And to your point about podcasts and audio books – you can use your laptop to provide the same utility. I did so last night while washing dishes (actually listened to you and James Atomic Habit podcast – great stuff!).
“I generally have lower confidence in any productivity hack that relies on my self-discipline to resist temptation.”
I agree with you, which is why I like the phone foyer idea: getting to another room to check the phone discourages you to check it every 1 minute.
Of course it’s not a solution itself, every procrastinator knows that the path to the fridge is always shorter than the path to the bookshelf.
“every procrastinator knows that the path to the fridge is always shorter than the path to the bookshelf.”
THIS is gold!
Thinking of Cal while watching the Nationals big win last night. Imagining him listening to the game on the radio in his backyard by a fire pit!
check the pictures
Oh, wait, so the “throw the phone down when you come inside and then frantically search for it when you hear it ringing method” isn’t preferred?
Seriously, since I work from home, my cell stays on my desk in my study. And we don’t have a home phone, so that means if I am away from the study, odds are I don’t know if you are calling. Works well for me.
I think that this phone foyer method will be useful for especially those who have a hard intensive day. Because when I have a relaxed day, I don’t even think that the phone can disturb me.
This is great stuff! And turns out we even have a foyer table.
My first thought was “I need my phone to use as computer remote when using our projector” (or to play music). So what I did is put a different phone on the living room table that has just the required apps (Remote and Spotify). Problem solved.
Now the biggest challenge is to get my wife on board with this. Her big law office has a “always on” culture, so I’m for sure going to hit some resistance about her having to get up from the couch to go to the foyer table and check her phone. Worth a try though!
Yes, Scott! That’s the way I create the boundary as well.
I figured this one out about a month ago. Now, I have what I call ‘designated phone areas’. If I’m at home, it’s on the top shelf at the entrance; if I’m on the go, it’s in my backpack (note; NOT in my pocket or hand); if I’m at my desk, it’s usually charging at my computer.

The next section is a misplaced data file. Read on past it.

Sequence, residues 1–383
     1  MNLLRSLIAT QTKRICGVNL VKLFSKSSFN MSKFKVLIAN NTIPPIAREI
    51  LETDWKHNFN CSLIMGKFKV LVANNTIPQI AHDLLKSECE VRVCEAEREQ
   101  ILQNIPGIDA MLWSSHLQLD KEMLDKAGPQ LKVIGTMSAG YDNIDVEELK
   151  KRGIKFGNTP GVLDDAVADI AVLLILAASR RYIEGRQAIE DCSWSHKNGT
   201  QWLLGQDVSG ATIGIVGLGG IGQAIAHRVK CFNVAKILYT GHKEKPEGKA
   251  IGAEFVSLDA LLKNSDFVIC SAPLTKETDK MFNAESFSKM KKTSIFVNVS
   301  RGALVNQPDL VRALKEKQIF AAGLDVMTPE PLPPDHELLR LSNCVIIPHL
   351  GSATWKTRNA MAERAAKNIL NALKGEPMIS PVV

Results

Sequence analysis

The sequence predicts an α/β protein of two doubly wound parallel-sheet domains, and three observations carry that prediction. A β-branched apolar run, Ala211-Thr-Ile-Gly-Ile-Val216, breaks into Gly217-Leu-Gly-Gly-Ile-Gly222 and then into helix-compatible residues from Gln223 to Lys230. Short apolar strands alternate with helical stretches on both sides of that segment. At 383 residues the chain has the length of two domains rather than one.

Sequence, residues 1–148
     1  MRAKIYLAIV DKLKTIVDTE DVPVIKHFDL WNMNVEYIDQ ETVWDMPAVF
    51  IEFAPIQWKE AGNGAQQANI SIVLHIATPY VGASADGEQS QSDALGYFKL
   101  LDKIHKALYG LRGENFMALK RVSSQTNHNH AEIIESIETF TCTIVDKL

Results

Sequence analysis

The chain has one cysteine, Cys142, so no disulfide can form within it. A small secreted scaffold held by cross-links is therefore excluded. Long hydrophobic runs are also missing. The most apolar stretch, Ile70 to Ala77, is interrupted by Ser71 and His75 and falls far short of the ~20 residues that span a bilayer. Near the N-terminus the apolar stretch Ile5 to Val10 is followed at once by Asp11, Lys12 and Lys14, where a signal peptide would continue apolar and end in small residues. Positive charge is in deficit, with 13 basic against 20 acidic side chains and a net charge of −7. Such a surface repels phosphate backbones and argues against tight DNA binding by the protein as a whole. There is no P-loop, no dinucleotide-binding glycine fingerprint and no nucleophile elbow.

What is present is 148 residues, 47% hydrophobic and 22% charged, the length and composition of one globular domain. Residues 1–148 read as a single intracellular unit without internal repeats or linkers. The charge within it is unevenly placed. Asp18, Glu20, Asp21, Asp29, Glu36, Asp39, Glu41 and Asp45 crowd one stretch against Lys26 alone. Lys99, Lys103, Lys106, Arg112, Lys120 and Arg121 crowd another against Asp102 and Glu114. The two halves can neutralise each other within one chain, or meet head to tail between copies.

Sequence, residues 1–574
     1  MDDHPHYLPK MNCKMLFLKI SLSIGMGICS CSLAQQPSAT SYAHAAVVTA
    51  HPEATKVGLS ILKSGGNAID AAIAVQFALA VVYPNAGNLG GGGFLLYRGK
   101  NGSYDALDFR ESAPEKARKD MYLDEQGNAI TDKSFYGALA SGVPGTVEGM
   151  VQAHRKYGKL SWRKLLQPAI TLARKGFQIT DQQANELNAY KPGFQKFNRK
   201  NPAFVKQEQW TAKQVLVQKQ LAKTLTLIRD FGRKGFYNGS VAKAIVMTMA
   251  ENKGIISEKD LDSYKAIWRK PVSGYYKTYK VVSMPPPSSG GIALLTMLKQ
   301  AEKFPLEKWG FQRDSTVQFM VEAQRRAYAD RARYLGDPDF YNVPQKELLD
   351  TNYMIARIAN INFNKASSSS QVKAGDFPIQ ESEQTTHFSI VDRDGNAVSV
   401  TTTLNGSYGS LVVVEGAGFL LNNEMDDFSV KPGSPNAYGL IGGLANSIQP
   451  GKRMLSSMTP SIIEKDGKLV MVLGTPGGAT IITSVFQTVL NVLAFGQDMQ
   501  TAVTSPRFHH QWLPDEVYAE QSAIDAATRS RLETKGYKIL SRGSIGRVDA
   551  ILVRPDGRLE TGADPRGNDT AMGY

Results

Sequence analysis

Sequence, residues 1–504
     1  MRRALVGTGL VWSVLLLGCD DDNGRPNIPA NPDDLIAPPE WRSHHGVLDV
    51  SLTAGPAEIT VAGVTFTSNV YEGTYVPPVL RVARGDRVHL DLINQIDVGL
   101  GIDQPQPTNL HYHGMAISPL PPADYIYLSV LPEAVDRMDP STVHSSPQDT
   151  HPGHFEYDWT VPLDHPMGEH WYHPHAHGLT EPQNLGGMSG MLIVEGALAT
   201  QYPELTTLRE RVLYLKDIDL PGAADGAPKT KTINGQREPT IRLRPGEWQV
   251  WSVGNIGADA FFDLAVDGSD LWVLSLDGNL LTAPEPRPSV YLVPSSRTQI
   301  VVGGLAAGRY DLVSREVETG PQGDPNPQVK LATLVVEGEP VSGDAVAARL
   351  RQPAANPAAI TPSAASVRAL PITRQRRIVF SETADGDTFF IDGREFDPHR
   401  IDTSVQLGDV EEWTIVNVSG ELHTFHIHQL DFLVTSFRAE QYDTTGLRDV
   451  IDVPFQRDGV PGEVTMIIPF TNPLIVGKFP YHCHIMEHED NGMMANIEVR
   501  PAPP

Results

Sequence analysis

What I’ve noticed is that I loose the thing a lot less, and the battery actually holds at least twice as long. Also, I even get a feeling of resistance to remove it from its designated area, just out of laziness, so I’ll often opt to just ket it be and do something else instead. And if I truly need it, it’s of course accessible.
I tried this and it helped, thanks for the advice.
In the end of January, I moved a small piece of furniture to my entry to have a place for my wallet, mail and key. It turned out there was also enough place for my mobile so I started to let it there while at home. Some days later I read this article and felt confirmed. The simple fact that my mobile is not next to me the whole time brings much more peace than I’d thought. I sleep even better than when I used my offline cell phone as a clock next to my bed. I suspect the constant check for sms or calls disturbs my sleep pattern. I wish there was more solid knowledge on this subject so I wouldn’t feel like a fool when I suggest there is something happening that most people don’t notice, at least not consciously.
The idea of the phone foyer is so compelling because people don’t realise how reliant (or even addicted) they are on their cell phone in their daily habits. As a more thorough alternative to the foyer we designed Phonecell (www.phonecell.me). It locks your phone away for a time of your choosing. You can place it in your living room, or any other room, if you don’t have a foyer. When not in use, it is a physical reminder to reduce screen time and a great conversation starter to discuss this growing problem in society.